Josh:    Oh, cool. Have you been profitable for the last five years just out of curiosity?

Hannah:          No. I’ve been profitable for the past two years. When I started this business, my mom was like, “If you can get out of the black in under five years, you’re doing okay.” I was like, “What? We’ll be out of the black in six months.” Two years later, I’m like, “Uh, Mom you’re right.” But then we got out and then the more people I talked to through this process, I think she was right. You know, the five year mark is not many businesses make it to this mark and the businesses that do might not be profitable at this point and we’ve been able to reach that pretty incredible milestone.

Josh:    So, you told me you run a virtual company?

Hannah:          Yeah.

Josh:    Let’s talk about that for a second. How do you do this?

Hannah:          A lot of sitting in front of my computer. So, we only sell online, a 100% of our sales since 2015 have been from our website. We went the traditional route of building an apparel company through wholesale the first couple of years and we can talk more about this if you’re interested, but we like basically failed on year one from the wholesale perspective. We started seeing some exciting results on social media so we just fully switch our sales strategy to focus a 100% on our website.

I think like any small company or any company actually and no matter what size you are, you are always looking for ways to cut your expenses then grow your sales. We are also trying to do that. So, we found— one of the things we never invested in was an office. At the beginning we didn’t need one because it was literally just me sitting on my house, but then in time as we needed support and help we’re looking for people with very specific skill sets. We found people that might not live close to me like the best people aren’t necessarily within a convenient geographic radius around you.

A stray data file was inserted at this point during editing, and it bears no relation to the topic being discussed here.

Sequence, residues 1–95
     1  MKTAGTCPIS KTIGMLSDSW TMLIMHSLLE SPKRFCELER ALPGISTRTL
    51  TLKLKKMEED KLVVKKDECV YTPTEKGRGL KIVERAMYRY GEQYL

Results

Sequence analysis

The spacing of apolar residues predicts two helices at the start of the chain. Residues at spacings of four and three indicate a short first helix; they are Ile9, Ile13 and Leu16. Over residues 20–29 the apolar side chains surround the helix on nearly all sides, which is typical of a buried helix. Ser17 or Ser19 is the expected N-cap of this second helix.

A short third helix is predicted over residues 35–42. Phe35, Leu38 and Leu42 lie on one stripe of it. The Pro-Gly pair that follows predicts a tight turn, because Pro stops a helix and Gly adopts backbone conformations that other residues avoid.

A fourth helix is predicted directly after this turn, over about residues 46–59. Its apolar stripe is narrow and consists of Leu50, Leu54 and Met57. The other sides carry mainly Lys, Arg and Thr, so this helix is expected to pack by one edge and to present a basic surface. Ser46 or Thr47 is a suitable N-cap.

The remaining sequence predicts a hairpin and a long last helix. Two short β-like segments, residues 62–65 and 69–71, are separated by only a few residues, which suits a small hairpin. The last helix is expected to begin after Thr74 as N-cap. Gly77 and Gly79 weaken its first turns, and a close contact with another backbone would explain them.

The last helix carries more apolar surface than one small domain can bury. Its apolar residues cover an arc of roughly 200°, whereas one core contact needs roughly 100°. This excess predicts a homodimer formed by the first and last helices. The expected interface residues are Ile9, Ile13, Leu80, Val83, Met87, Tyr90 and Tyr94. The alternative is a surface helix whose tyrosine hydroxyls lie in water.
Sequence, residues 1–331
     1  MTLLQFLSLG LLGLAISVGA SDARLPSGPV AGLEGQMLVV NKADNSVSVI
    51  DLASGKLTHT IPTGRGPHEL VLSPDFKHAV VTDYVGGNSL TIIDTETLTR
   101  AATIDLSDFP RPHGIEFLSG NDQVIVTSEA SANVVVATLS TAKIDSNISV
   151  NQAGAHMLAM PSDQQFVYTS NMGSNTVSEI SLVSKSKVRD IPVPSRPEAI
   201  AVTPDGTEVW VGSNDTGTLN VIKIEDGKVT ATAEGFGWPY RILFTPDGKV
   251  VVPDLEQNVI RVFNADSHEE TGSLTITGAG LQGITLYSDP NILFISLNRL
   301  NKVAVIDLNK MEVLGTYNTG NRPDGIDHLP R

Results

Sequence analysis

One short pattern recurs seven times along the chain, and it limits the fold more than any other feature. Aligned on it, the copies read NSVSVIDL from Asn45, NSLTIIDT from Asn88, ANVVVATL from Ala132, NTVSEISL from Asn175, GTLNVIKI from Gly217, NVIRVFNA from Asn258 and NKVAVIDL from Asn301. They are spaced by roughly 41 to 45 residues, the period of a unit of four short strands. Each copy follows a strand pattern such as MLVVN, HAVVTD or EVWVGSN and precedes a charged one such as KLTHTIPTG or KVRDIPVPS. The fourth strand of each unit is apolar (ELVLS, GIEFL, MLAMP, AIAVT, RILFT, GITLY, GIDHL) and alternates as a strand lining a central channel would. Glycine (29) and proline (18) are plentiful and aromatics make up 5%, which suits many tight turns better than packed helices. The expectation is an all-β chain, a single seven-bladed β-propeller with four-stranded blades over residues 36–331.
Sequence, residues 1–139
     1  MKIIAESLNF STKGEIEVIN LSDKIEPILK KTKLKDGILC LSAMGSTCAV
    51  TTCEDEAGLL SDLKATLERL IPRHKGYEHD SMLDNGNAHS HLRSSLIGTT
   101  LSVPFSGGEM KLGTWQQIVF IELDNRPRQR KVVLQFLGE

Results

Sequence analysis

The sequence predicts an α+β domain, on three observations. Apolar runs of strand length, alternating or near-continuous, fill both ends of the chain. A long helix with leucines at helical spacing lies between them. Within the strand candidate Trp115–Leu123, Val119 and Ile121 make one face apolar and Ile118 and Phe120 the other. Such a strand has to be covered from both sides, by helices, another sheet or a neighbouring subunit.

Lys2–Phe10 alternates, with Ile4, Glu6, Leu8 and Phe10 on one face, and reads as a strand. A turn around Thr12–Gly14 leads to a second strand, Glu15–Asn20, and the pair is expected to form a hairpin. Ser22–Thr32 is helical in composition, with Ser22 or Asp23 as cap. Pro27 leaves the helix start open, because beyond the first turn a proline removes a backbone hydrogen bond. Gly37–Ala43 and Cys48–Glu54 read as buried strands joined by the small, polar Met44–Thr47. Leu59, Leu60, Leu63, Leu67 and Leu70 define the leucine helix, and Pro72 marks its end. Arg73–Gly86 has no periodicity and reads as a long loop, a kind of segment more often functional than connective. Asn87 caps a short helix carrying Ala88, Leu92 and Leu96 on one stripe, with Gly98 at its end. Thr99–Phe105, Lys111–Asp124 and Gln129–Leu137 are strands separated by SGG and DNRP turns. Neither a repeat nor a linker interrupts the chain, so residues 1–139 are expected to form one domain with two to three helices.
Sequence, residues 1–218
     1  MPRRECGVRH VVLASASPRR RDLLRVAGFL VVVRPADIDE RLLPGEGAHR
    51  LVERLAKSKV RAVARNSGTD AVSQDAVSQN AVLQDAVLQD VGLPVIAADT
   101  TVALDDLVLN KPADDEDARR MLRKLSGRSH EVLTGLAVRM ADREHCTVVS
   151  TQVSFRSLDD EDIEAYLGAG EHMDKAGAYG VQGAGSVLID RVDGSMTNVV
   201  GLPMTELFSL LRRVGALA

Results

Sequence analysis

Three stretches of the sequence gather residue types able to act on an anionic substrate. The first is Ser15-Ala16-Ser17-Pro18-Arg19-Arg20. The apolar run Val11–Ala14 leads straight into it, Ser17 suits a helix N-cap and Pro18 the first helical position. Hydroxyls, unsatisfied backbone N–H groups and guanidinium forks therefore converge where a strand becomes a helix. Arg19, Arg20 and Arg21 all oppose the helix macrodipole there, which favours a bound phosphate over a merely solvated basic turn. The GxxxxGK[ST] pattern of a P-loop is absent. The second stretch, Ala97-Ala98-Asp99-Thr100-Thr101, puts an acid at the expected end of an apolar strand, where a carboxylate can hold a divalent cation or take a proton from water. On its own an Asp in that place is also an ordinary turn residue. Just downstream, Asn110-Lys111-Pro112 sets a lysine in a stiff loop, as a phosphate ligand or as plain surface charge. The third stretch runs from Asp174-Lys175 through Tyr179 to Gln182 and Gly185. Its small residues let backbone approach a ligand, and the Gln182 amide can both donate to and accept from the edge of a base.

We started finding this super talented people that could fit our niche needs. It wasn’t like we sat down and we planned our strategy like launch a 100% virtually operated company, but just based on our needs and our finances. It just sort of, “You know what, this is actually really a great model” and it’s kind of unfolded from there. So, we have a warehouse in Virginia. I live in Austin, Texas— customer services. We have some support in North Carolina. Our website developers are in Manhattan, our factories in Vietnam.

We found a way to build successful operations online and also build culture which I feel like you can have the most issue— there could be issues with all of it but building culture online in theory doesn’t sound possible but we definitely been able to have some semblance of that.

 

Josh:    Okay, so let’s talk about that a bit because in my opinion that’s a hugely big deal. I strongly believe and I’m giving you lots of examples of this, is that the only companies that are sustainable ultimately are [values like 00:06:05] companies. How did you that?

Hannah:          I think it kind of goes back to why I started the company to begin with. Like I said, I have a political science here and a minor in Mandarin so I was definitely one of those people in college that was like business is [inaudible 00:06:18]. I really don’t know why I subscribed to the school thought, but I think the people that I respected— it was black and white to me. So, when I started things I knew I want to leverage this company to make a difference and so this was kind of secondary for me. It was always about the impact and I think people can read you intentions based on the marketing that you put out, the conversations that you have.